Premier Ship Models have recently constructed two immensely impressive models for a client; one being the Type 45 Destroyer, and the other an Astute Submarine. The entire piece is incredibly unique, as they have been explicitly designed to be combined into one singular case, creating an individual unit. Pictures of both the initial draft and final piece can be found in the image gallery.
Type 45 Destroyers cost approximately £1.050 billion per ship, and this includes fees for research and development. Only six were ever constructed, but each one has almost endless possibilities. They’re built around the PAAMS air-defence system, which is largely intended to predict an air threat’s flight path, before dealing with it accordingly; whether that being a neutralisation, or evasion.
Type 45’s are also equipped with long-range radars – the SAMSPON ASEA S1850M – capable of locking onto upwards of 1,000 targets at once. It’s a similar concept to that of the Iron Dome system, which has been deployed at air bases in places such as southern Israel. For its size, it’s incredibly quick. It can reach speeds of 32 knots, which is equivalent to 37 miles per hour.
The ships are powered by a pair of Rolls-Royce WR-21 gas turbines, together with two Wärtsilä 12V200 diesel generators. They work in tandem with a pair of electronically integrated shafts with two GE Power Conversion Advanced Induction Motors and VDM2500 Drives. So, when measuring the horsepower in a linear fashion, all engines and motors produce 58,500 horsepower.
A military ship must be armed to the teeth, and the Type 45 is no exception. It’s equipped with long-range missiles, harpoon anti-ship missile launchers, an MK 8 naval gun, a pair of 30-millimetre cannons, miniguns, close-in weapon systems and even basics such as machine guns, rifles and handguns. It’s able to house a crew of up to 285 members, and the entire ship is armoured with plated Kevlar.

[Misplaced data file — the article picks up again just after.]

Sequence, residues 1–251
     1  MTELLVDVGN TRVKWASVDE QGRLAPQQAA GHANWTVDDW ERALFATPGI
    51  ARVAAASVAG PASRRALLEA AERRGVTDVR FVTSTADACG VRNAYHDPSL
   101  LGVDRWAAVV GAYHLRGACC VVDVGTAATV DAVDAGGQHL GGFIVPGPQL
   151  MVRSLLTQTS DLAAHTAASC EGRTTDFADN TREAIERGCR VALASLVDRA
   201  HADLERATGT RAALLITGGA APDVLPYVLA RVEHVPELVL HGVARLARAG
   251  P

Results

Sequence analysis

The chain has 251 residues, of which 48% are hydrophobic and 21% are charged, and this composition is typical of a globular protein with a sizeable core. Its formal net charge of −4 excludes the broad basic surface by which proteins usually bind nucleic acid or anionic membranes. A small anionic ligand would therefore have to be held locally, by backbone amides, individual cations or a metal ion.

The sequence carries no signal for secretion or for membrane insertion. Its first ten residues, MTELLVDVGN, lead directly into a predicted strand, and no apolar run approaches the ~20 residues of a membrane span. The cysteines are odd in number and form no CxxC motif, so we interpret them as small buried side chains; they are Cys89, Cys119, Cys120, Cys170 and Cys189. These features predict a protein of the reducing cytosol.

As previously mentioned, the Astute submarine is located beneath the Destroyer. Astute-class submarines are amongst the most technologically-advanced submarines in the world, with seven planned from 2001 up to now. Five have been completed so far, and four are presently in service with the Royal Navy. Each one cost over £1.65 billion, reflecting their quality.
In order to withstand the immense water pressure at depths of up to 980 feet, the Astute submarines need to be incredibly durable and resilient. They weigh approximately 7,400 tonnes, but when fully submerged at depth, the weight increases to 7,800 tonnes. Thick plated-armour prevents any leaks, and can endure gunfire, and even certain torpedoes and missiles.
Not only are they resilient to water-pressure and weaponry, but also time. Astute-class submarines can circumnavigate the entire globe submerged. They continuously produce their own oxygen and drinking water, and can store months’ worth of food for the 98-man crew. A Rolls-Royce PWR 2 (pressurised water reactor) powers the Astute submarines, and they are capable of travelling at a speed of 30 knots, which is equivalent to 35 miles per hour.
For such a high-value asset, these particular submarines must have a heavily-stocked armament. They are equipped with torpedoes, cruise missiles, and even heavyweight torpedoes which can bring down destroyers. A plethora of sensors and radars are also fitted, including the Thales Sonar 2076, the Atlas DESO 25 echosounder, and a pair of Thales CM010 optronic masts. These allow the submarines to premeditate certain threats and eventually neutralise them, as well as planning routes.